import numpy as np

ROW_COUNT = 6

COLUMN_COUNT = 7

def create_board():

board = np.zeros((ROW_COUNT, COLUMN_COUNT))

return board

game_over = False

board = create_board()

while not game_over:

# Prompt for player 1 input

if turn == 0:

column = int(input(“Player 1 make your selection (0-6): “))

# Prompt for player 2 input

else:

column = int(input(“Player 2 make your selection (0-6): “))

turn += 1

turn = turn % 2

The code creates the board with six rows and seven columns using the NumPy module. It then sets the game_over boolean value and initializes the board.

The board is then displayed inside the while loop, and the game continuously prompts each player to make their move. The turn variable helps in alternating the turns of the two players by making sure each player takes a turn.

Alterations and Updates to the Code

We can make the Connect Four game more exciting by making modifications to the code. One of such modifications is updating the drop_piece function to handle a future indication where the column is already full.

It can be written as follows:

def is_valid_location(board, col):

return board[ROW_COUNT-1][col] == 0

def get_next_open_row(board, col):

for r in range(ROW_COUNT):

if board[r][col] == 0:

return r

def drop_piece(board, row, col, piece):

if is_valid_location(board, col):

row = get_next_open_row(board, col)

board[row][col] = piece

These updates to the drop_piece function add functionality to the Connect Four game. By checking whether a move is valid, we avoid errors that could lead to code crashes.

Creating GUI using Pygame

Pygame makes it easy to implement and customize the graphics user interface of the Connect Four game. Heres an example of the implementation of the GUI:

import pygame

SQUARESIZE = 100

width = COLUMN_COUNT * SQUARESIZE

height = (ROW_COUNT+1) * SQUARESIZE

size = (width, height)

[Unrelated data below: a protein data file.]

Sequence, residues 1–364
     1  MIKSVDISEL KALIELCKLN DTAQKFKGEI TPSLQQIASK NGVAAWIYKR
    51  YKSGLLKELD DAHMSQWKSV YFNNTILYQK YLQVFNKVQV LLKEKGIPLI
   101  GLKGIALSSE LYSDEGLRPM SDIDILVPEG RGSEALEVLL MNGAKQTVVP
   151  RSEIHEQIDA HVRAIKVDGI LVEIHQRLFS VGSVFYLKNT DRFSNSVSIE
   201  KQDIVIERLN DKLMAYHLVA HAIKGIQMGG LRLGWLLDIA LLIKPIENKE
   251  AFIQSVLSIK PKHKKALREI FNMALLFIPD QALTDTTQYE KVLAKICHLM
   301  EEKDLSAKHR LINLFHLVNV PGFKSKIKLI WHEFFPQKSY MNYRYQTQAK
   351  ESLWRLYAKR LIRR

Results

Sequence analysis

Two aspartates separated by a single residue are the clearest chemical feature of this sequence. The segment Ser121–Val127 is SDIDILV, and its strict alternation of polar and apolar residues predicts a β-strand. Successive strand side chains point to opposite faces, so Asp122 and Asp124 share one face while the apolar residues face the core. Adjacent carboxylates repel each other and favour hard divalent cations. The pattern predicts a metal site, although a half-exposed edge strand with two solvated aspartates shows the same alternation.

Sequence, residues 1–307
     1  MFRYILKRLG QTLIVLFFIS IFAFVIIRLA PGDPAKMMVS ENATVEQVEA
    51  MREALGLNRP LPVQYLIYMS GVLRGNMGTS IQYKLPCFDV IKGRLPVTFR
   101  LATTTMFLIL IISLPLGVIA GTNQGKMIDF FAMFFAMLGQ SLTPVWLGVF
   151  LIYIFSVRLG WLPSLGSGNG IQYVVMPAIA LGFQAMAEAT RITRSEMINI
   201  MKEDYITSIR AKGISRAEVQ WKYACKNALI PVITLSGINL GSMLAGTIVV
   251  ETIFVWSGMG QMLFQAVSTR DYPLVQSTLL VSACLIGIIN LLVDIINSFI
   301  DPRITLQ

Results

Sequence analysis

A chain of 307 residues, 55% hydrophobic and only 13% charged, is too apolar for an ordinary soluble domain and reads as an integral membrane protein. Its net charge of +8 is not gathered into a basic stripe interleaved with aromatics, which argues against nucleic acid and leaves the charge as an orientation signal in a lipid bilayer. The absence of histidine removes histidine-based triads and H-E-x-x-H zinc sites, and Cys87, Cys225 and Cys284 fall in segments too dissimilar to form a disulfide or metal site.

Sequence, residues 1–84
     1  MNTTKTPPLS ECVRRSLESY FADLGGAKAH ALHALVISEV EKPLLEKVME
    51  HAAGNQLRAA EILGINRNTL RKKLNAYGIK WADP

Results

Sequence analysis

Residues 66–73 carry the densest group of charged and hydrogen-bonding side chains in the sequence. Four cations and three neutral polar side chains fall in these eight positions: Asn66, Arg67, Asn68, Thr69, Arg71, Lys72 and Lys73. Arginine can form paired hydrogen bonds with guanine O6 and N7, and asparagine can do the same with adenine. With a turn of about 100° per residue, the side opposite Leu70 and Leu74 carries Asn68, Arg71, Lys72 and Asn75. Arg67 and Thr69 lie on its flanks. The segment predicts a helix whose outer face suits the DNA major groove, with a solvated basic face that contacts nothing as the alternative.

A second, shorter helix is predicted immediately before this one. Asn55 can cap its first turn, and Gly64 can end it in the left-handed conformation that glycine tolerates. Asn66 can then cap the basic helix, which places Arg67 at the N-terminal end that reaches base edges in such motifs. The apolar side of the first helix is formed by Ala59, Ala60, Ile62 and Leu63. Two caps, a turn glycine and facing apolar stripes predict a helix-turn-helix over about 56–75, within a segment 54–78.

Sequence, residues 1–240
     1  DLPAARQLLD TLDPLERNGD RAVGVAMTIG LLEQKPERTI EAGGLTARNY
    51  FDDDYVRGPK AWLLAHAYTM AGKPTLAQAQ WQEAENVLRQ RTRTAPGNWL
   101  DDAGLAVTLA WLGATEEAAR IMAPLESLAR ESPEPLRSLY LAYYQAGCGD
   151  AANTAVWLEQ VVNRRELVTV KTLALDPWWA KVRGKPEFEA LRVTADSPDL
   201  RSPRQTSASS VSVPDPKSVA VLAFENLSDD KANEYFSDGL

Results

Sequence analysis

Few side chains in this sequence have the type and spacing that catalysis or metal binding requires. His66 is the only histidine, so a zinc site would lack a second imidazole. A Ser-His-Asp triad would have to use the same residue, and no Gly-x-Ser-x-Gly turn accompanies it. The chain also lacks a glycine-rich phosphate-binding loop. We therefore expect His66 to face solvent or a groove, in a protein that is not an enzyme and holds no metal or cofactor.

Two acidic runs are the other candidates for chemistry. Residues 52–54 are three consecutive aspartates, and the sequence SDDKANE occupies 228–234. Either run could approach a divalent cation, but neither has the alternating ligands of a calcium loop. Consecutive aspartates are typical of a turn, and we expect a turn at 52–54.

# Initialize Pygame

pygame.init()

# Create Screen

screen = pygame.display.set_mode(size)

# Set game caption

pygame.display.set_caption(“Connect Four”)

# Colors

BLACK = (0, 0, 0)

BLUE = (94, 129, 162)

RED = (237, 90, 90)

YELLOW = (249, 223, 76)

# Draw Circles

def draw_board(board):

for c in range(COLUMN_COUNT):

for r in range(ROW_COUNT):

pygame.draw.rect(screen, BLUE, (c*SQUARESIZE, r*SQUARESIZE+SQUARESIZE, SQUARESIZE, SQUARESIZE))

pygame.draw.circle(screen, BLACK, (int(c*SQUARESIZE+SQUARESIZE/2), int(r*SQUARESIZE+SQUARESIZE+SQUARESIZE/2)), int(SQUARESIZE/2-5))

for c in range(COLUMN_COUNT):

for r in range(ROW_COUNT):

if board[r][c] == 1:

pygame.draw.circle(screen, RED, (int(c*SQUARESIZE+SQUARESIZE/2), height-int(r*SQUARESIZE+SQUARESIZE/2)), int(SQUARESIZE/2-5))

elif board[r][c] == 2:

pygame.draw.circle(screen, YELLOW, (int(c*SQUARESIZE+SQUARESIZE/2), height-int(r*SQUARESIZE+SQUARESIZE/2)), int(SQUARESIZE/2-5))

pygame.display.update()

In this code, we first initialize Pygame, create a screen to display the Connect Four game board, and set the game caption. We also define the color for different players’ pieces, including BLACK, BLUE, RED, and YELLOW.

Lastly, we define a function called draw_board to generate the game board and control the display of the game.

Conclusion

In this article, we dove into the different ways in which we can expand the Connect Four game’s functionality and made it more interesting using the math module and the Pygame module. The math module provides us with several mathematical operations and tools to help us calculate probabilities and angles relevant to the game.

Additionally, Pygame makes it easy to produce polished graphics and create a graphical user interface that the players can interact with. By